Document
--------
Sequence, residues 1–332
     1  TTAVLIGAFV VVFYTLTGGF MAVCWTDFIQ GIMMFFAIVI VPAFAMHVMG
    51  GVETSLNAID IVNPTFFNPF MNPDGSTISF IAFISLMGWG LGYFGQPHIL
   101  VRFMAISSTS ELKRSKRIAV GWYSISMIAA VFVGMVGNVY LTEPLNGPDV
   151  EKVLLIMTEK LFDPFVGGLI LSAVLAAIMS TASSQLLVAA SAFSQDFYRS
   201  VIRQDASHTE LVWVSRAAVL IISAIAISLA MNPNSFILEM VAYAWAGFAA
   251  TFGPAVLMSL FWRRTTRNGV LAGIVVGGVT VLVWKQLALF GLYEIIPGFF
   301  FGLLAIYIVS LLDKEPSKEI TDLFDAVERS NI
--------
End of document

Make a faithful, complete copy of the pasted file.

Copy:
Sequence, residues 1–332
     1  TTAVLIGAFV VVFYTLTGGF MAVCWTDFIQ GIMMFFAIVI VPAFAMHVMG
    51  GVETSLNAID IVNPTFFNPF MNPDGSTISF IAFISLMGWG LGYFGQPHIL
   101  VRFMAISSTS ELKRSKRIAV GWYSISMIAA VFVGMVGNVY LTEPLNGPDV
   151  EKVLLIMTEK LFDPFVGGLI LSAVLAAIMS TASSQLLVAA SAFSQDFYRS
   201  VIRQDASHTE LVWVSRAAVL IISAIAISLA MNPNSFILEM VAYAWAGFAA
   251  TFGPAVLMSL FWRRTTRNGV LAGIVVGGVT VLVWKQLALF GLYEIIPGFF
   301  FGLLAIYIVS LLDKEPSKEI TDLFDAVERS NI